A tiny blue spot. The earth? Smoke coming from the space ship. Trees. Green. Grandpa’s back garden. Grandpa himself. Huge fingers that fiddle with tiny parts. The little lake near Grandpa’s place, and then space. Black and stars. The colors of a spiral galaxy. Unknown planets. And then, as clear as on television, there’s the face of the woman in the floral dress on Grandpa’s desk. She smiles. Then Grandpa again. A piece of dark metal. And then Grandpa. The dark metal. Grandpa. The dark metal and Grandpa.
The next moment, Yuri is back in his room, on his bed, and the world stops spinning. His thoughts gradually fall back into place.
“You can’t go back,” he says softly. “Grandpa is moving.”
The little creature’s eye-leaves droop, and it folds its wings. It whistles, high and shrill, and its blue friend, which was chasing its own rectangular tail, hurries to its side. Together, they return to their ship.
“Wait!” yells Yuri, “I can help you.”
The little being shrugs its five shoulders and glides into the UFO.
His voice trembles, he has stolen Mom’s phone again. Downstairs, his parents are arguing about money. Yuri has written down the word inheritance to look up later. First, however, he has more important things to do. Two little alien life forms are counting on him. He can’t be afraid.
“Hallo little rascal,” answers Grandpa. “Are…”
“They want to go home,” he says.
He doesn’t have to explain who “they” are or which “home” he means; Grandpa understands. His voice changes, sounding less like toffee and cocoa, and more like grown-up things like secret meetings in the park and the 8 o’clock news.
“I know, but…” he begins.
Yuri interrupts him.
“I know where to find the missing piece.”
Grandpa sighs. “That’s great, my boy, but…”
A silence falls. I’ll come tonight, Yuri wants to say, but he doesn’t. Grandpa doesn’t sound as enthusiastic as he’d hoped, and Yuri is afraid that he doesn’t want to do it. That Grandpa will say he has to stay home, listen to his mother and go to sleep like a good boy. Just like the teacher. Just like Dad. No more daydreams, time to grow up.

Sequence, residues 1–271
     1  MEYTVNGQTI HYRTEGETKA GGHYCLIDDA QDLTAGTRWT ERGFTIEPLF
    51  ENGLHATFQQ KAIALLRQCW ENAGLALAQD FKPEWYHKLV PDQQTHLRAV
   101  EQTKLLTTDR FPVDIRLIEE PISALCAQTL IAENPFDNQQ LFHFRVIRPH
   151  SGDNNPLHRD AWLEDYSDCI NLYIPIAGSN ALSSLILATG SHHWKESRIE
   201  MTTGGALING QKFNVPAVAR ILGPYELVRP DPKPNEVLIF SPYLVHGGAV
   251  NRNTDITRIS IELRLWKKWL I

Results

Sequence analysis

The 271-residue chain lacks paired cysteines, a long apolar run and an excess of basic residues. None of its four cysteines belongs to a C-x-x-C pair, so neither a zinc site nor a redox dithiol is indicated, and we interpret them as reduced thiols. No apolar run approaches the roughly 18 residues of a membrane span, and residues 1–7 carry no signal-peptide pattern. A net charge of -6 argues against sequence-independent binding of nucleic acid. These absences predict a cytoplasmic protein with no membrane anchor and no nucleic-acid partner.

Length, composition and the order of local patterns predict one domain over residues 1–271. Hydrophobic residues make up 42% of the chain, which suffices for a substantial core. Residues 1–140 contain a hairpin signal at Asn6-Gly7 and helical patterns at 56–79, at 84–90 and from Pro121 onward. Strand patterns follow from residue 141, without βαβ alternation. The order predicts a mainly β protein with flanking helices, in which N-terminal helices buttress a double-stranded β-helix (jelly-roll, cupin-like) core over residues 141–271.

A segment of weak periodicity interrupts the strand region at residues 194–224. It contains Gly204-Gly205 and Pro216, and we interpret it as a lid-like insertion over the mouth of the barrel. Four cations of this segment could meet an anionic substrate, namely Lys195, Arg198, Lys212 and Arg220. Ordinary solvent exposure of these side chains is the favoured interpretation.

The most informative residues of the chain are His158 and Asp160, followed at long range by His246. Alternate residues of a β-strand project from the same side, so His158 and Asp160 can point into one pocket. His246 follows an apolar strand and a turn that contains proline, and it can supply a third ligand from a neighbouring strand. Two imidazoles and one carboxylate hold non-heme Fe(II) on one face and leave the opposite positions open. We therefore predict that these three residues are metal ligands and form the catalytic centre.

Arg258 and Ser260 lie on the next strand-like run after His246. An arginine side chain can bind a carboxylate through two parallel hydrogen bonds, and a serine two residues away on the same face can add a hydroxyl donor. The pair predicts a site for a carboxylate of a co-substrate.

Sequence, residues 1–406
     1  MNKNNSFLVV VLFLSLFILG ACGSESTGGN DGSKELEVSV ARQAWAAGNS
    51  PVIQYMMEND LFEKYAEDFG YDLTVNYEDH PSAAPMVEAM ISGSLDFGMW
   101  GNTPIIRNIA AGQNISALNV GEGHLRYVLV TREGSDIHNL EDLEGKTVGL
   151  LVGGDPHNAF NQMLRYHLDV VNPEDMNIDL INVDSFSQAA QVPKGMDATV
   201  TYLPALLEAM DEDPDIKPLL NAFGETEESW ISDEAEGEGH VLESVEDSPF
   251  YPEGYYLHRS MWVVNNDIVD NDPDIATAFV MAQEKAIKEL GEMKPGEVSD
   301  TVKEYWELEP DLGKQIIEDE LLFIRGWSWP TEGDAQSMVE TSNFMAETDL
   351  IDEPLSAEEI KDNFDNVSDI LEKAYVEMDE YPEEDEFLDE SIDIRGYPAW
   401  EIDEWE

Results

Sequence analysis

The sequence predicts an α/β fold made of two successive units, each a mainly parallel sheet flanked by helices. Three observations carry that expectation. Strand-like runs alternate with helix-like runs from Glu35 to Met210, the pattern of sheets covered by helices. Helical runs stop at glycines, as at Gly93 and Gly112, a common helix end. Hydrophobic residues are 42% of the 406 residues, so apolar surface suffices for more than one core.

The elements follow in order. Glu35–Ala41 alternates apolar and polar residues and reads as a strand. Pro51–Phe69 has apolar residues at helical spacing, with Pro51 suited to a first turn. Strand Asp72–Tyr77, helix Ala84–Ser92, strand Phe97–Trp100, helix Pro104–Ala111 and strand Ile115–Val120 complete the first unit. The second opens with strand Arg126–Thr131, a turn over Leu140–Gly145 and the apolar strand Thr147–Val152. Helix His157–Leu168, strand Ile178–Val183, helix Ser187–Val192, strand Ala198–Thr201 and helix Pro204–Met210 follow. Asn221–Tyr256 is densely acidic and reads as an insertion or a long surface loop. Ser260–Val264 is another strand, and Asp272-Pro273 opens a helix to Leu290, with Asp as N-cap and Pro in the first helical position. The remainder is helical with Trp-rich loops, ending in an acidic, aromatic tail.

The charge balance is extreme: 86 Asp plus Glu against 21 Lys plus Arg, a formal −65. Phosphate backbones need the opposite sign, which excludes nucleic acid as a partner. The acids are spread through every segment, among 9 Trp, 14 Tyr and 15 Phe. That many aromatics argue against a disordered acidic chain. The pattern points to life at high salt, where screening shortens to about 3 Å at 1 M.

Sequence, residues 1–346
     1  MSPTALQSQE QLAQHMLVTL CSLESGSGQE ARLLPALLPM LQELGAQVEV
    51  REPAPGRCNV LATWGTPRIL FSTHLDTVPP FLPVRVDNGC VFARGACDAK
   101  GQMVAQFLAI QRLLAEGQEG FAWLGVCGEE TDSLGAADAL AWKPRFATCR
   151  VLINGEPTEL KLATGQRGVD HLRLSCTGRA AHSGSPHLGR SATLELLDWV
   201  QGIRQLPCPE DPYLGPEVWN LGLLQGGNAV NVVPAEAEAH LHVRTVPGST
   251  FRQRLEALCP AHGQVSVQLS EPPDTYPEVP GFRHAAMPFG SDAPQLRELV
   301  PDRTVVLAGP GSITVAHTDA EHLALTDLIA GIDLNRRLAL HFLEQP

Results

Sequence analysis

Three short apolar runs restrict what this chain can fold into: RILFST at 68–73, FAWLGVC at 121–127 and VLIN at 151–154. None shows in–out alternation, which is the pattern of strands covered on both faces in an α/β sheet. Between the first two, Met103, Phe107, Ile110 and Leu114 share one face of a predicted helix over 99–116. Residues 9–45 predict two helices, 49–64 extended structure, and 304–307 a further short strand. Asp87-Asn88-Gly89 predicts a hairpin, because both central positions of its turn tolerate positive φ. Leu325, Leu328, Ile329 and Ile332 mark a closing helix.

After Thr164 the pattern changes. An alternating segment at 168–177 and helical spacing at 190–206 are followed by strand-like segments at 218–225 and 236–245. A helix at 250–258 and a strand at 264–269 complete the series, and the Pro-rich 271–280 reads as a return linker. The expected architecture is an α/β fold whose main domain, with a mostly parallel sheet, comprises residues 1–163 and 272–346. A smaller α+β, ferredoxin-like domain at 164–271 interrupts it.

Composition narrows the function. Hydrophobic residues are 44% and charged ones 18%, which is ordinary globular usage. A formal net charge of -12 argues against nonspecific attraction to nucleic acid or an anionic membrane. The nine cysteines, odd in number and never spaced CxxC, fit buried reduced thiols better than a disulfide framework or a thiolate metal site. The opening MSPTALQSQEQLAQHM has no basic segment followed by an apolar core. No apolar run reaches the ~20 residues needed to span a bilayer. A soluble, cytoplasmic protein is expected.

“Grandpa, where is Grandma?”
The line crackles and there is a very long silence.
“The world is as big or as small as you make it, Yuri,” Grandpa says eventually. “You can choose to see other worlds, or not. Your Grandma…She was so curious. Full of wonder. Like you. So when they gave her the chance to…”
“Give me the telephone. Give it here. Now.” His mother snatches the phone from Yuri’s hands and hangs up.
He scrambles backwards, afraid of her anger. He watches her close her eyes. Her face softens. She sits down next to him.
“Grandma isn’t here any more, Yuri. Do you understand? Grandpa misses her really badly.”
She has wrapped her arms tightly around herself, as if bracing for a launch. Or for a fall. Yuri would like to hug her, but that’s not how they are with each other, so he sits quietly next to her instead.
He waits until everyone is asleep, until he hears his father’s snores, like Darth Vader’s breath. You’re going home, he thinks as hard as he can, while he places the spaceship in his bag. The beings reply with images of their kind, dancing. The powder is no longer necessary.
He creeps down the stairs, through the kitchen to the back door. Barefooted and in his pajamas, he goes to the shed.
“Captain Moonstone, ready for launch,” he says as he rolls his bike out to the street and pushes the dynamo against his wheel. He pulls his swim goggles down over his eyes.